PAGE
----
We seem to be in the midst of a baby obsession. Multiple midwifery programmes dominate television schedules and an endless procession of celebrity parents fill the pages of magazines and newspapers. The work currently on show at The Photographers' Gallery takes a refreshingly different approach to the timeless topic of motherhood, focusing on how the quest for children and their subsequent arrival can affect the mother's sense of identity. Daring to be different, Home Truths breaks away from clichés of parental perfection and instead gives a more angsty, and ultimately honest, portrayal of the unique mother-child experience. A collaboration with the Foundling Museum, and the Museum of Contemporary Photography in Chicago, the exhibition features projects from eight different photographers, each of whom has a compelling, complex and highly personal story of parenthood to tell. These photographs expose the less idyllic aspects of the maternal process, and give much-needed exposure to themes that are not usually seen or openly discussed.  

The show begins with a graphic photograph by Elinor Carucci. The photographer's own naked torso stares back, distended and scarred after a cesarean birth. My belly after giving birth to twins and C-section (2004) is a brutally honest portrayal of the effects of pregnancy on the female body and it immediately sets a tone of unflinching reality for the rest of the exhibition. There is no sugar-coated idealism in these projects. As with Carucci's work, these photographs are autobiographical: intimate moments are made public as overwhelming experiences of motherhood are channeled through the camera in a kind of photographic therapy.

The cathartic process is very much a part of Elina Brotherus' Annunciation series, which follows her heartwrenching struggle to conceive through IVF. The prints all lean on a shelf, like photographs displayed in the home, and the title plays on classical imagery of the madonna and child, but instead of happy memories and miracles these images tell a story of desperate longing and devastating disappointment. Beneath the soft hued photographs there are also medical charts that contrast raw emotions with the cold analytics of the medical process. This exhibition is not just an exploration of the effect of having children, but the aching void felt by those without.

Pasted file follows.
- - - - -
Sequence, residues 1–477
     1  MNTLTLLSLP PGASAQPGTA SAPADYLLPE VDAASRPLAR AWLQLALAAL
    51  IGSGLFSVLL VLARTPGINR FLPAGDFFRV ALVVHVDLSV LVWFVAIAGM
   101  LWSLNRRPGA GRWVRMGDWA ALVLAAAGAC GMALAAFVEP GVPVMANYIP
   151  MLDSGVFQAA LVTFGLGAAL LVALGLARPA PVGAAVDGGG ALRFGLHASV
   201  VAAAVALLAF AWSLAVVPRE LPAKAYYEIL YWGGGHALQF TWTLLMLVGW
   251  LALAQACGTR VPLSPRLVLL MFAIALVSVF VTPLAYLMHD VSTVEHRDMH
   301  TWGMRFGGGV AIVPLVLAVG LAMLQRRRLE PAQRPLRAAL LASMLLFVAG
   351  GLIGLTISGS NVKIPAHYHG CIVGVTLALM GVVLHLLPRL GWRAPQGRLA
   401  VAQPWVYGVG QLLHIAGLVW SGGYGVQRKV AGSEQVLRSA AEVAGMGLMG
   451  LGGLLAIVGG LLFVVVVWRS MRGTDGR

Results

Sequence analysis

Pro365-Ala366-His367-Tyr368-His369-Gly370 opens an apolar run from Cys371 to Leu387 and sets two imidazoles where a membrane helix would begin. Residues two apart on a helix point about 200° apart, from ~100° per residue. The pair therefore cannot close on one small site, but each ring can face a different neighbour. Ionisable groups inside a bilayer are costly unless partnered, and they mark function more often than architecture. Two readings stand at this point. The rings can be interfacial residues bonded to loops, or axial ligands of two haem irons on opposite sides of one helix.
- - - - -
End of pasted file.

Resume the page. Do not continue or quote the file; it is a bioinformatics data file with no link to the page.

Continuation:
Gasps and nervous giggles emanate from the other side of the room, from a project by one of only two male photographers included in this exhibition. It's because of Leigh Ledare that an age-restriction warning sits at the entrance. Ledare's work is the show-shocker. Controversial and disturbing, his candid photographs destroy the boundaries of a usual mother-son relationship, breaking so many taboos by showing in explicit detail his mother having sex. Unapologetically frank titles such as Mother Fucking in Mirror (2002) do little to minimise the controversy. Alongside the graphic shots there are less-contentious, morose portraits, as well as letters and other scraps from his mother's history. Ignored by most of the press, these other fragments give some redeeming context to the sexual photographs. The project is a portrait of an entire life and a complicated personality. But the work is still uncomfortable. In one note Ledare describes his mother's behaviour as he grew up as "a form of emotional hijacking", and that is exactly how it feels as a viewer. However this project is an important reminder that motherhood is never a "one-size-fits-all" experience for everyone. 

The complete antithesis to Ledare's work can be found upstairs. Heavenly pastel portraits by Hanna Putz radiate a more traditional and expected warmth. The mothers seem oblivious to the presence of the camera, allowing Putz to capture uncontrived genuine moments of women lost in tender maternal devotion to their babies. In each of the untitled photographs the child's body obscures the mother's face, visually representing the erosion of a woman's own identity as she becomes "Mum".

Whilst viewing this series, echoes of Katie Murray's Gazelle (2012) can also be heard. The video piece gives a comic break from the gravity of the other projects. Over six minutes supermum Murray exercises with an ever-increasing number of children on her back: a literal representation of the heavy workload women must contend with. Some other videos are also available on the lower floor. An interview with the curator plays on a TV equipped with headphones. While useful for preventing the audio from distracting others in the main space, the headphones do severely limit the number of people who can hear it, and it's frustrating having to queue. Also frustrating was the "coming on monday" notice on the other screen that should have been playing interviews with the photographers – a minor flaw in an otherwise flawless exhibition.            

Home Truths is a stretch-marks-and-all portrayal of motherhood. Unafraid to broach the awkward, it is far more interesting than just a sentimental celebration of the adventures of family life. All the different projects sit perfectly together, harmonious yet cleverly individualised through different framing techniques and intelligent arrangements. Society is still a little squeamish about pregnancy, but hopefully this will not affect the large visitor numbers that this show deserves.    

Home truths: Photography, Motherhood and Identity , at Photographers' GalleryStacey Harbour reviews Home Truths: Photography, Motherhood and Identity at the Photographers' Gallery, London.4